If you (or the shelter) can get a good deal with a printer on short run (like 1 or 2) high quality reproductions, they could be offered - at a price not much less than originals. But try not to get involved in selling cards or any reproductions where large quantities must be ordered. By the way, I have yet another Passion for Painting award waiting for you on my blog -- and I've changed the thumbnail a little so it says 'Painting' rather than 'aintin'

Gail H. Ragsdale said...

Tough one. I can't duplicate a previous painting exactly, nor would I want to. And as you said, it takes the spark and joy out of the painting. Offer to do prints or similar paintings.

Dana Cooper Fine Art said...

Your cat is beautiful Sheila! You came back from your trip with a real spark!
I would say no to repainting the originals and you are right, it will never be the same. What about doing a print on canvas? There is a gel medium that you can then go over it with to make it look like brushstrokes.
Somehow I lost you again...what's up with that?!

Niall O loughlin said...

I enjoyed looking at your art, greetings from Ireland

suzanneberry said...

hey there! amazing painting, just beautiful! asking for a duplicate really isn't a "nice" thing to do to an artist but it's for a good cause. so it's understandable, however, impossible. i would suggest prints, but they don't bring in the same as the painting. each piece is unique for so many reasons, not the least of which is your process and state of mind at the time of creation. i would just ask them to commission the pet portrait they're looking for or keep watching your work for the next masterpiece available. great to hear from you. chat soon. suzanne

Edward Burton said...

Wonderful painting, Sheila! I really like the way you cropped it.
I'd say, like the rest a lot of the previous comments, to not do a copy, but to do a slightly different version or have prints made.

Christine's Arts said...

Hi Sheila,
I think her request is flattering, but she doesn't understand the work involved. A donation is a freely given thing. Not something you ask for and/or expect.

Dean H. said...

Always tell them that each painting is "one of a kind". You can do something similar, but there will be differences.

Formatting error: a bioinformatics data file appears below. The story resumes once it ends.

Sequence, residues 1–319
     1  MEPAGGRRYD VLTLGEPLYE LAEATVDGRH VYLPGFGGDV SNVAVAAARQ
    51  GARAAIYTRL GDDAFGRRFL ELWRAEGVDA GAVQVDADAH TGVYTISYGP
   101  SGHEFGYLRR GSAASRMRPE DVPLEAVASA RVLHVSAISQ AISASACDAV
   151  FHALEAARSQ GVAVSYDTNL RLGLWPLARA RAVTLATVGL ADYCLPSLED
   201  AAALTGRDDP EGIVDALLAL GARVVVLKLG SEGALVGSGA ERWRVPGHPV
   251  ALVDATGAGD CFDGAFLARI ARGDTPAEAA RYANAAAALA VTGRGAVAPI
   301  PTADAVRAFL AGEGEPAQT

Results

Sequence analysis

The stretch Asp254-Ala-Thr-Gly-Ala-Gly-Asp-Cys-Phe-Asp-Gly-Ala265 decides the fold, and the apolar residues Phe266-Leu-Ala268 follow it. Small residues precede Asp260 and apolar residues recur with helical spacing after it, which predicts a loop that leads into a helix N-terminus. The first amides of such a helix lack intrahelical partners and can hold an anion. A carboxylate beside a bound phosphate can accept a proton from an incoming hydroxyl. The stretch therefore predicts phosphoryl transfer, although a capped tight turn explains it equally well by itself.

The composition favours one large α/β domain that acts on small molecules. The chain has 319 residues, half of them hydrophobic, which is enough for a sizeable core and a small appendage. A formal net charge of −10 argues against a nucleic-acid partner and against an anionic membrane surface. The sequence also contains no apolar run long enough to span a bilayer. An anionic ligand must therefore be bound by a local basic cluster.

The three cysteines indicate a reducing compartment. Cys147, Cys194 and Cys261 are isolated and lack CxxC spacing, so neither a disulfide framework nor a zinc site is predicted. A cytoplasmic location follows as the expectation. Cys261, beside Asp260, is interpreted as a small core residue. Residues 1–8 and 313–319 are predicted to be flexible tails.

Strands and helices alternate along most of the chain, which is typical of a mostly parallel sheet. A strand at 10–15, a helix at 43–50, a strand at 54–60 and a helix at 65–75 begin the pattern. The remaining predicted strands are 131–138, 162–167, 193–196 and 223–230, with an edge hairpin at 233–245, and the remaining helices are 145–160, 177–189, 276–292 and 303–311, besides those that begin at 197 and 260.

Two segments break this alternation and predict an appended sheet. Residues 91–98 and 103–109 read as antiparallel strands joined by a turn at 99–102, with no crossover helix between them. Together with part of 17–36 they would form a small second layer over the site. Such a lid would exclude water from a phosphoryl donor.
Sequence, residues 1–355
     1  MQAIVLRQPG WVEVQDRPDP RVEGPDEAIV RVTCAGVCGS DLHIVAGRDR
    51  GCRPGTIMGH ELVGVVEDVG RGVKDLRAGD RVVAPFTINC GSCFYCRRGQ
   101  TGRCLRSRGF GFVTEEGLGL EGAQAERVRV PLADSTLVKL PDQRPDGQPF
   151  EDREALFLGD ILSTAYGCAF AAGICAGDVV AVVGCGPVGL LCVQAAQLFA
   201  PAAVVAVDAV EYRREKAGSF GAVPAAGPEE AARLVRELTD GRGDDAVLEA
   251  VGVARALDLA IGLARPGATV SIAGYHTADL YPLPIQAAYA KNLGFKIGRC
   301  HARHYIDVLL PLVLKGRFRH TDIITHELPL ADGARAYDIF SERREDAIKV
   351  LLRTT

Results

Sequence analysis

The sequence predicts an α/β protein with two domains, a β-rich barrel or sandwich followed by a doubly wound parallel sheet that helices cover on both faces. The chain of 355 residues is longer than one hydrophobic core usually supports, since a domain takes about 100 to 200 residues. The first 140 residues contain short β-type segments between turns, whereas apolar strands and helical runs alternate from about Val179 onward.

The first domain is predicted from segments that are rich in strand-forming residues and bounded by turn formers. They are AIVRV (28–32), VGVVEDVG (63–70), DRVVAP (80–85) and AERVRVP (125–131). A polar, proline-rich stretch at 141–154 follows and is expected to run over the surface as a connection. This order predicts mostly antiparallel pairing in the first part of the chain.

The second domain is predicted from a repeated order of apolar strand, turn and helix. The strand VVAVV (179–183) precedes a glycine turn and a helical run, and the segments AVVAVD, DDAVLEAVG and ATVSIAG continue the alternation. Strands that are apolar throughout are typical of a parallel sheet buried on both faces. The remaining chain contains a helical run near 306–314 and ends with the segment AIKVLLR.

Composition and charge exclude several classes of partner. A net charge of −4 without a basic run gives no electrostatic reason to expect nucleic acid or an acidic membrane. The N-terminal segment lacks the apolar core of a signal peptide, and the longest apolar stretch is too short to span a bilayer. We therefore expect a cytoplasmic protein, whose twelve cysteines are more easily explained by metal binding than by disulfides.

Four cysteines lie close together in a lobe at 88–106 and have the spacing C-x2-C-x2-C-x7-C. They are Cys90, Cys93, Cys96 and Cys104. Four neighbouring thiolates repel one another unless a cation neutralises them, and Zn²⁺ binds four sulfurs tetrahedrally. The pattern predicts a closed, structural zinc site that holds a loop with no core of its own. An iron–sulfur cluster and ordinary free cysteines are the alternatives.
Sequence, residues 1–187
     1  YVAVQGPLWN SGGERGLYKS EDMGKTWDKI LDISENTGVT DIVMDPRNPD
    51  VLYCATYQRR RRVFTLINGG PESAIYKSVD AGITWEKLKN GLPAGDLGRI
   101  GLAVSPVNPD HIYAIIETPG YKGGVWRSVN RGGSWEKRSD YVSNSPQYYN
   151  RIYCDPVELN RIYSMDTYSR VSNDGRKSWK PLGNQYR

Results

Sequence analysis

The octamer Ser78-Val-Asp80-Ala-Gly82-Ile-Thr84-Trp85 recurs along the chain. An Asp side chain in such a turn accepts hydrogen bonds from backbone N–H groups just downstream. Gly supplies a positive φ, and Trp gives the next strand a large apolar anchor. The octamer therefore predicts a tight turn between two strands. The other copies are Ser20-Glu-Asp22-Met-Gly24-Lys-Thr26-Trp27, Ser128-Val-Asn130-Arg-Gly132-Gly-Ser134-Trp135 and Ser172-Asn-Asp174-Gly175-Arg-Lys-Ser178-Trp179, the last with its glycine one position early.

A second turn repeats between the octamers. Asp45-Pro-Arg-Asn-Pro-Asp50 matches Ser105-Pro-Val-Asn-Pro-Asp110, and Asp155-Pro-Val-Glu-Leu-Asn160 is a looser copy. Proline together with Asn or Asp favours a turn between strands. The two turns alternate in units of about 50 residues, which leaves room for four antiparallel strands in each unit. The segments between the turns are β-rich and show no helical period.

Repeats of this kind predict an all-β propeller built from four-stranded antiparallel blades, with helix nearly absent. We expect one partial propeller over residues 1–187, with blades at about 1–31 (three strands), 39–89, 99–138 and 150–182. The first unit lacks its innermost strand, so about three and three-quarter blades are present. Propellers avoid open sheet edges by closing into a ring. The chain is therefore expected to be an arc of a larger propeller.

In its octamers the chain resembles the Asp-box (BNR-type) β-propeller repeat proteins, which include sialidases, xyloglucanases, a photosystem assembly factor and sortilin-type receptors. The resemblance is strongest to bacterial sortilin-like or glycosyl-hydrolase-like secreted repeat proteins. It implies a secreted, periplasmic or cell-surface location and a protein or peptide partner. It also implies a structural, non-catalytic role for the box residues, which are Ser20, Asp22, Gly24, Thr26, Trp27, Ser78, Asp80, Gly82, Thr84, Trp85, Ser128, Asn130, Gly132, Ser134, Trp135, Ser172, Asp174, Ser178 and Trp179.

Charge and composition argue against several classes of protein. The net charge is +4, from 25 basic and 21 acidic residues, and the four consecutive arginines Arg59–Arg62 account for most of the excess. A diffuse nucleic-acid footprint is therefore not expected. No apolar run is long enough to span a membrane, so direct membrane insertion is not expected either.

This takes on the feel of a commissioned artwork once the subject, color, etc. is dictated. In which case the painting should be higher priced and you should be entitled to some profit for yourself.
That should be agreeable to everyone all the way around.

Paintings by Irit Bourla said...

They must know that no 2 are alike.
Who needs the presure?
I like the idea to have prints out of the originals.
Good luck Sheila i see something big going for you.

suzanne cabrera said...

Great question. I agree with what most have already written. I think you are already being very generous with your talents. If doing a repeat (which will inevitably lose what made the original special) is not of interest to you, don't do it! And don't feel bad!!!

pencilportraits said...

Wow, Sheila, your art is like that of an old master, absolutely fabulous

Abby Creek Art said...

Beautiful painting, Sheila...it has a lovely feeling to it.

I would highly recommend investing in a good Epson printer (email me if you would like details!) That way, you can print archival prints and cards if you want...and you have full quality control.

Also...you can have your original images printed on canvas. You can order one at a time so there is no wasted expense.

It's a wonderful compliment when someone loves your work so much...that they want the same thing! Congrats!

r garriott said...

First of all, This painting is absolutely stunning!! Your skills are building from painting to painting.

One of the hardest, but most necessary, things an artist needs to learn is how to say "No, thank you for thinking of me, but NO I couldn't possibly. No". Go with your comfort level. Practice in the mirror. NO NO NO. I wouldn't do duplicates, either. And if the shelter wants duplicates/prints/whatever, they should find the monetary funds to market those themselves. You've already given them a huge gift, and frankly, they are looking a gift horse in the mouth!

Here's a thought, though; perhaps the shelter could set up a donation center at a site like CafePress.com. Your images could be uploaded and printed up per order, with all money going to the shelter (though it would be nicer for you if they'd do a split). CafePress prints images on posters, t-shirts, cards, mugs, pillows, even pet bowls!

Just make sure you don't get roped into running this for them, too!

Tracey Clarke said...